News & Analysis


There appears to be a growing consensus in markets that Fed Chair Powell will double down on his hawkish rhetoric at Jackson Hole later today. Egged on by comments from Boston Fed President Collins, who suggested that further hikes could be needed, more traders began to bet on a hawkish speech, sparking a broad USD rally. While this led the loonie to weaken by -0.4% against the greenback, the Canadian currency nevertheless managed to outperform on every G10 cross. Furthermore, the loonie posted gains of 0.5% or more against NOK, GBP, AUD, NZD, and SEK. Yields were a key driver of this dynamic, with Canadian yields rising by about 5bps across the curve, keeping pace with US yields as the rest of the world lagged behind. Back to Jackson Hole though—we think that the US’s tremendous success in reducing core inflation pressures below 2% is a key reason why Powell could underwhelm today. Another reason is the lack of consensus within the Fed. Philadelphia Fed President Harker said yesterday that, contrary to Collins’s view, he does not see the Fed changing policy rates for the remainder of the year. For these reasons, we see the risks around Powell’s speech as tilted toward loonie strength, i.e. USDCAD downside.


Despite hitting a bit of a bump at the European-US crossover, the dollar managed to hold onto its earlier gains yesterday and maintained a bid throughout the day. Despite a more choppy session for US equities and bonds, the sustained dollar rally highlighted the underlying bias for long dollar exposure heading into today’s Jackson Hole event. However, this wasn’t the case against the Turkish lira after the CBRT raised the repo rate 750 bps to 25%, exceeding even the most hawkish estimates by a considerable margin. In what was a largely benign FX session elsewhere, the move by the CBRT drew a lot of attention, with the decision ultimately leading USDTRY over 5% lower on the day as the real rate profile in Turkey improved considerably.

Today, price action in FX markets will likely have a better foundation as the Fed’s Jackson Hole symposium formally starts. Based off of yesterday’s TV interviews with present and former regional Fed presidents, it seems policymakers from the US will be aiming to maintain a relatively hawkish narrative despite the recent round of economic data suggesting monetary policy may already be well calibrated. While the economic calendar is populated with an abundance of public appearances from FOMC officials, it is naturally Chair Powell’s opening remarks at 15:05 BST that will draw all of the market focus. Should Chair Powell manage to effectively sell markets this hawkish narrative once again, it is likely the dollar DXY index will close out the week above the 104 handle.


The euro ground lower over the course of yesterday’s session, falling around half a percent against the dollar, as Wednesday’s weak set of PMI releases continued to weigh on growth sentiment. In that vein, this morning’s final reading of German GDP data confirmed flash estimates that Europe’s largest economy failed to grow in the second quarter. The news saw yesterday’s trend for the euro continue, with EURUSD down another three tenths to start this morning’s European session, with IFO survey data due at 9:00 BST unlikely to improve the picture. The key risk event for the day for euro watchers though, is of course, Jackson Hole. Whilst largely dominated by Fed speakers, ECB president Lagarde is also due to speak at 20:00 BST. Granted at this juncture President Lagarde is unlikely to say much that moves market given key inflation and wage data is due ahead of the September meeting, but that is unlikely to stop traders from tuning into her commentary given the current round of economic data leaves the central bank’s September decision very much live.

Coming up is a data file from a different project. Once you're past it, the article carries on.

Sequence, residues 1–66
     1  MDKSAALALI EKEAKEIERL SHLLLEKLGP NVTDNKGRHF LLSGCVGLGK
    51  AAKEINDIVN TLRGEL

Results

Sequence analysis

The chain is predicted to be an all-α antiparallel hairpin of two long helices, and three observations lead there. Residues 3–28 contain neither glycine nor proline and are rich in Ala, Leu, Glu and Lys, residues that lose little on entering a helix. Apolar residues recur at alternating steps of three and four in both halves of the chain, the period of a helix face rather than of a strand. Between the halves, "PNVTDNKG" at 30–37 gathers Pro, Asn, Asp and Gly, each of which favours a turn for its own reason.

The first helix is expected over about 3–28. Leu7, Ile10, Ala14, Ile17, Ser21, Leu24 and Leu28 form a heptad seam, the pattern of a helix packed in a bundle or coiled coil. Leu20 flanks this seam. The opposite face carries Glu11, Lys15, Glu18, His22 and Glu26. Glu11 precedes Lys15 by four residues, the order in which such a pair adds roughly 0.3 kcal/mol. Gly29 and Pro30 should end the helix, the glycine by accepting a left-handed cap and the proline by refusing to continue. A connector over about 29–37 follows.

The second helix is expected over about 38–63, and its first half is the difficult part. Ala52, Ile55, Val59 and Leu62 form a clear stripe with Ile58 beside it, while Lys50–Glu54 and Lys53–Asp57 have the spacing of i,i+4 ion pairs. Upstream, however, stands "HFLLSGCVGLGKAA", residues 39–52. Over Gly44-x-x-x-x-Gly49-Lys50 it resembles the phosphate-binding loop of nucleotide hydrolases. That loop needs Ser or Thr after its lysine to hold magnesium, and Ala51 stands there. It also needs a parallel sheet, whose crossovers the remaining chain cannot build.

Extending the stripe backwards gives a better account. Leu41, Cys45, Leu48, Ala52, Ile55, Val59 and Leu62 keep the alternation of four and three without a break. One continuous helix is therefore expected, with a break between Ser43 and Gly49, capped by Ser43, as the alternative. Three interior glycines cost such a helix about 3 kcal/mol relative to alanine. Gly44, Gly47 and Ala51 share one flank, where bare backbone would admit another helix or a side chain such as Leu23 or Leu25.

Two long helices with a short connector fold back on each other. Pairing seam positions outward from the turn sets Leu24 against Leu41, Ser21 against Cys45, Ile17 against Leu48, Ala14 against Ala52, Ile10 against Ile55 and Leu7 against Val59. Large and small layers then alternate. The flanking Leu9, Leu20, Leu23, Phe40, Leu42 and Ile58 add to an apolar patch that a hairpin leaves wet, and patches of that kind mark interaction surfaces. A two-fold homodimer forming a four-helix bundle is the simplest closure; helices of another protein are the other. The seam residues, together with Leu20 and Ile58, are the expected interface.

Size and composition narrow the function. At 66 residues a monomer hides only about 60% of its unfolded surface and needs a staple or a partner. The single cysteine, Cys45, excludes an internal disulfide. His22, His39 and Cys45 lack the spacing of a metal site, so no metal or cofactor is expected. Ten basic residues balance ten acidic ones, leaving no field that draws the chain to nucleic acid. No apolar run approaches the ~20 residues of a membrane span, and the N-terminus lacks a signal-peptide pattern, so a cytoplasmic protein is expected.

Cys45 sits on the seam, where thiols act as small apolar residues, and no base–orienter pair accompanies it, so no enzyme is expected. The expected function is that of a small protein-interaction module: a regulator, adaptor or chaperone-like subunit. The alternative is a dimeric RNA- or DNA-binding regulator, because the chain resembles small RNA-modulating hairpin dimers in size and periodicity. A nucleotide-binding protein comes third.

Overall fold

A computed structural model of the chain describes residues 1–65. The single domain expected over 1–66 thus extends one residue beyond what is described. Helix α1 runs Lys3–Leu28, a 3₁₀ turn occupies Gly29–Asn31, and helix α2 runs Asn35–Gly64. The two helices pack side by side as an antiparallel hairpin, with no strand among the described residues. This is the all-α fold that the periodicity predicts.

The pound spent the entirety of Thursday in retreat, ultimately falling half a 0.5pp against the euro and a full percentage point on the dollar. The moves came despite very little market moving news out of the UK yesterday, with markets instead continuing to digest the weak set of PMI data from Wednesday whilst gearing up for the start of Jackson Hole. The former has seen traders now almost entirely discount the possibility of a jumbo rate hike at the BoEs September meeting. The latter though is likely to be the focus of attention today. Granted, GfK consumer confidence data out this morning showed a marginal improvement rising from -30 to an above expectations -25, but  this failed to generate much impetus for sterling, as did an expected reduction in the UK’s energy price cap. Instead it is central bank speakers that are likely to hold the key for today’s price action, with the UKs most notable representative, the Bank of England’s Ben Broadbent, due to speak on a panel tomorrow.


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